Saturday, August 1, 2009

Saturday tunes: Toccata and Fugue in D Minor

A lot of his work is available online, but I picked this Virgil Fox performance of Bach because, although the quality of the recording isn't perfect, nothing gets between Fox and the Big B: No slightly over-the-top efforts to reach out to "young people." No two-story psychedelic light shows behind him, dwarfing the diminutive Fox on stage (saw that twice in the 1970s, though, and I admit it was pretty amazing). No stories about Bach the master, or about the organ loft in the Church of St. Thomas in Liepzig. No picking fights with the "original performance" advocates, whom he mocked as "the Baroque Boys." (If you want to see that Virgil Fox, he's right here.)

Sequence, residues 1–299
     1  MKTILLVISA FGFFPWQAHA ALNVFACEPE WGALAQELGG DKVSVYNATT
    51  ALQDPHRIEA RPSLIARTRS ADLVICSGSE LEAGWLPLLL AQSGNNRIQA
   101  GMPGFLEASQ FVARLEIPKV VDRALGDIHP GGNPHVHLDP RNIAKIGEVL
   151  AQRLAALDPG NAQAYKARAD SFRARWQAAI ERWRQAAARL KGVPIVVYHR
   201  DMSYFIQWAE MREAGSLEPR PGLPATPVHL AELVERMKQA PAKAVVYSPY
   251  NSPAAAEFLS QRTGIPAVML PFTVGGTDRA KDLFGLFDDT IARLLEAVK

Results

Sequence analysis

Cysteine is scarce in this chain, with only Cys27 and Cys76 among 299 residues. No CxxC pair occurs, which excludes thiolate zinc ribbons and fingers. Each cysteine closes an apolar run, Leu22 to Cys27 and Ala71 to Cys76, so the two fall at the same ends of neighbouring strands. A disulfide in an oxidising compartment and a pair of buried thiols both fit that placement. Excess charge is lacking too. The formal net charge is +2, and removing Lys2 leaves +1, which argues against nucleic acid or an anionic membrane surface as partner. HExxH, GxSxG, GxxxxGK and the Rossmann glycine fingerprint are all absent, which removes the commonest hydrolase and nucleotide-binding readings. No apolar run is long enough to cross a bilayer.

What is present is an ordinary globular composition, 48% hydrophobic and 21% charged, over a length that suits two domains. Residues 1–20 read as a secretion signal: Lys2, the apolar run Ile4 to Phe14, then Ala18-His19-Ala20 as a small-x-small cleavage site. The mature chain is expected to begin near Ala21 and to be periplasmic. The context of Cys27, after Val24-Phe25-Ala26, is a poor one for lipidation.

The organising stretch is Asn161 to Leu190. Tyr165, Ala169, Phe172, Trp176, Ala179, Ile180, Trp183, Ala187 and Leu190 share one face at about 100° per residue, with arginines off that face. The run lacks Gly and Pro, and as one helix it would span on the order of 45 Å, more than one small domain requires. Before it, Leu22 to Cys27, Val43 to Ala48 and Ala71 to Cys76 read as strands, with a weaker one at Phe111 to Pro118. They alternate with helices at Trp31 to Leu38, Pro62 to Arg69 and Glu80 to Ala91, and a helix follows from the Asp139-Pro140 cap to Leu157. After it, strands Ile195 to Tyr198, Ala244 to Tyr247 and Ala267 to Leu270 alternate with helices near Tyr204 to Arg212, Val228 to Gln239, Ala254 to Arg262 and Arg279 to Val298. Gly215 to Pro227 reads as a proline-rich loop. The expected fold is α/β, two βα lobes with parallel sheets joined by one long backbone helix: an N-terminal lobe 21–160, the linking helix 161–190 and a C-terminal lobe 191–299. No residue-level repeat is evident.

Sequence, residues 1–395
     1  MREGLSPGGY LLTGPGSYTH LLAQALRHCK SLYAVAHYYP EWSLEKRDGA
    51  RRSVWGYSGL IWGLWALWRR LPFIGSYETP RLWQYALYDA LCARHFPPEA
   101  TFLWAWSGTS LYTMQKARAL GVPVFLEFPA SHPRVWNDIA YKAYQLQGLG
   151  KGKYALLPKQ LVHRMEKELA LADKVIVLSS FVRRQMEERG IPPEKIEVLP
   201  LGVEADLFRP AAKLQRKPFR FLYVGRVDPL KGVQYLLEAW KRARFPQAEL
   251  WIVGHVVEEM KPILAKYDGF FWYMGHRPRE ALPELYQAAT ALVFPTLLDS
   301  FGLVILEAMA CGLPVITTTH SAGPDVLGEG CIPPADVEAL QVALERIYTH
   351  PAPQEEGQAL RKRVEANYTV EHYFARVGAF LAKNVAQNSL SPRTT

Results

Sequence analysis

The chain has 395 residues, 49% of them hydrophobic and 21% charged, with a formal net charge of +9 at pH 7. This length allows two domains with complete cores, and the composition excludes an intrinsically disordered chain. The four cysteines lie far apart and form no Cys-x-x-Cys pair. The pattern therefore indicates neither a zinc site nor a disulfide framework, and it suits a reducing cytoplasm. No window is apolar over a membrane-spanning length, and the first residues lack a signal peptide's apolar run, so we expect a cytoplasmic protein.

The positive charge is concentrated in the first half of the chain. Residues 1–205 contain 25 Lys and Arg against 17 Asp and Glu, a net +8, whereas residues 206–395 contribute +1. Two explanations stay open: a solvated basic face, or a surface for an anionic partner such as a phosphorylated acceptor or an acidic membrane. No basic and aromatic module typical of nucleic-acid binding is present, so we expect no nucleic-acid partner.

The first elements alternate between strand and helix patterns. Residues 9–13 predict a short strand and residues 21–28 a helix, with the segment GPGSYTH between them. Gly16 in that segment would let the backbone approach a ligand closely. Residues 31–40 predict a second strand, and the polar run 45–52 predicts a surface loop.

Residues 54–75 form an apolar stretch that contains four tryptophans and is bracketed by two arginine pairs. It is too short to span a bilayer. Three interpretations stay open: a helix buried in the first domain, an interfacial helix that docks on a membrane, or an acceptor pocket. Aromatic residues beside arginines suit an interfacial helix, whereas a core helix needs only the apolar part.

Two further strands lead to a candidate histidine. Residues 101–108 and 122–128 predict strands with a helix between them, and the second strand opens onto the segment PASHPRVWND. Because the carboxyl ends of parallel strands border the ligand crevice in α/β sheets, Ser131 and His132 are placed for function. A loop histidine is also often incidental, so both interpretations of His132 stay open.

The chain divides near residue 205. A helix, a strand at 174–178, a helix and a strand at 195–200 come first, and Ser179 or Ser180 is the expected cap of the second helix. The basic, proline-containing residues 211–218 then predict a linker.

When mathematicians call a solution "elegant," they're pointing toward something like the experience of hearing Bach's Toccata and Fugue in D Minor, probably the best-known of his non-sacred compositions. It never gets old, and it never loses the sense that each note is precisely the one to follow the note before.

For the music geeks among you, that's a custom touring version of the Allen Digital Organ, designed to Fox's specifications. Watching Fox's technical virtuosity-- floating between one keyboard and another, changing stops on the fly (at one point he switches a setting with a flick of the tip of his thumb while continuing to play with the fingers on that hand)--is almost as amazing as listening to the music.

Douglas Adams was right, by the way: Bach--or somebody--had to have been cheating to produce so much amazing music in one lifetime.

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